A Job to be Done (JTBD) is a framework, or lens, for viewing products and solutions in terms of the jobs customers are trying to achieve. It's about understanding the goals that people want to accomplish. It lets us step back from our business and understand the objectives of the people we serve. It opens the door to innovation.
At GitLab, we have our own flavor of JTBD and use it throughout the design process, but most notably to:
Watch the following video for a brief overview of why Jobs to be Done are so valuable towards the product development process:
For a quick how-to, follow the below guidance.
First, let's set the terminology we use for JTBD.
We write our job statements in the following format:
"When [situation], I want to [job], so I can [outcome]."
We begin with past knowledge and user research to inform our job statements.
Job statements are different than user stories and tasks. They are designed to be persona, product, and solution agnostic and have a close relationship with user stories and tasks. This allows us to think more deeply about the context, rather than just a role with a goal.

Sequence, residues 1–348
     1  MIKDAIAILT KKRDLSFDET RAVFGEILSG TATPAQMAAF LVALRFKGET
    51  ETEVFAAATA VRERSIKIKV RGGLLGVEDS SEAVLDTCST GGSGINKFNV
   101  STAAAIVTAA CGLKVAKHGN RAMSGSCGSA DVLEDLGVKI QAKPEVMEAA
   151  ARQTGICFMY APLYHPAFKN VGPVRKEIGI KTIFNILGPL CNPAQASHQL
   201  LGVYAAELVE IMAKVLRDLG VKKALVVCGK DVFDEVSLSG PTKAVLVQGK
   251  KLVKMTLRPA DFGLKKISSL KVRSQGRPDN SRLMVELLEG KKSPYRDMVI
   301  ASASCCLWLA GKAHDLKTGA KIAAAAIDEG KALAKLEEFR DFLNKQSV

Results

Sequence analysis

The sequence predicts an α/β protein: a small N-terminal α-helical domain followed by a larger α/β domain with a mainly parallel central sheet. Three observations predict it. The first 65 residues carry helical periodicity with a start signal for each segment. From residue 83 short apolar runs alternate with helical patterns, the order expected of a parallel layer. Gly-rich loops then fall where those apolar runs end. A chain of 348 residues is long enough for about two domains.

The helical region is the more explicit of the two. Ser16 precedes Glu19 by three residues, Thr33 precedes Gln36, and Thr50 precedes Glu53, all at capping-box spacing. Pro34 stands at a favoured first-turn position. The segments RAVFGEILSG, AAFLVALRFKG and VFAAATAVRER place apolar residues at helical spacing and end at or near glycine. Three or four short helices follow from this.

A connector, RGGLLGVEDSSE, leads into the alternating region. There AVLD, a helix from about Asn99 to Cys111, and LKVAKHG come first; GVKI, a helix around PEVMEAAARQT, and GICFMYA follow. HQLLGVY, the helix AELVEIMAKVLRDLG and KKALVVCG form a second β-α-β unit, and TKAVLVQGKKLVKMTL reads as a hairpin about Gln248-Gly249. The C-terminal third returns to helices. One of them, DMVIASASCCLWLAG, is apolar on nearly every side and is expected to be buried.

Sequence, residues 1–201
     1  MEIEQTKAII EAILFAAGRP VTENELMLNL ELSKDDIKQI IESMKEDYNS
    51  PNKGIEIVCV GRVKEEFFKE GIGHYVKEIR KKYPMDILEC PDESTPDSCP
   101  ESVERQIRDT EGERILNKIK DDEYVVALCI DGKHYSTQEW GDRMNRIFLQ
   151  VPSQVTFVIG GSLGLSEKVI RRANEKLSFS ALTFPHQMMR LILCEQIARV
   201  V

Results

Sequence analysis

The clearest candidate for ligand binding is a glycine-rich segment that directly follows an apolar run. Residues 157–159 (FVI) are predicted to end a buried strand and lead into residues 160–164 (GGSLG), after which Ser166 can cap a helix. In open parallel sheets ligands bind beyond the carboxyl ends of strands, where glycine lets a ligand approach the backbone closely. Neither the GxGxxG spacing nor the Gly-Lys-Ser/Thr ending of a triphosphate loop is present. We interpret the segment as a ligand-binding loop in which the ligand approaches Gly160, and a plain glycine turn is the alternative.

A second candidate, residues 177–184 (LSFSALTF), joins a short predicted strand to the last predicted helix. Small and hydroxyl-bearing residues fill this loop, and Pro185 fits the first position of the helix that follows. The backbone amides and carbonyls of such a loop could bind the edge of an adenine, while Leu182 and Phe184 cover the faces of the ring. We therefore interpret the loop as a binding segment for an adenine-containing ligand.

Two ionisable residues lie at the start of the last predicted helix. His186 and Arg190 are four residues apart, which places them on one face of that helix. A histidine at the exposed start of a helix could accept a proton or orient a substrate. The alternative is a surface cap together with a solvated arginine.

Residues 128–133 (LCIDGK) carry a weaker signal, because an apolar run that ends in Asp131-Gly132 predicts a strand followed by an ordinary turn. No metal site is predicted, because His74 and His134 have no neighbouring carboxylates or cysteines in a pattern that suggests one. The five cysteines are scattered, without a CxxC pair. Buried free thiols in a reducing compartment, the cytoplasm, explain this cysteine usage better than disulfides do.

When my development ecosystem begins to mature, I want an overall understanding of my organization’s registries and specific package usage, so I can make effective architectural decisions.
As an Engineering Leader, I want to know what packages are being used and by which projects, so that I can ensure my team is using the correct versions and not introducing risk into the pipeline.
View a list of packages we use.
In its most basic form, you will have a job statement that is associated with one or more user stories that are made up of multiple tasks. You'll use each of these at different moments within the design process.
Job statements offer a high-level view of the main objective. User stories guide your solutions as you create wireframes and tasks become the steps required to complete the job.
If you want a detailed breakdown of each segement of the job statement, learn more about the structure of a JTBD.
Job statements can be written at different levels or altitudes. For the majority of our work, we write job statements for stage groups as we craft experiences for features or sets of related features.
JTBD can also be written for stage or cross-stage jobs to help determine longer-term product direction.
If you're writing a job statement for your stage group, consider this guiding principle to determine the appriopriate altitude: If the job is applicable to more than 3 user types, it's likely the altitude is set too high.
After writing job statements, you may realize we do not have high confidence in them and need to validate our assumptions with research. Learn how to conduct JTBD research.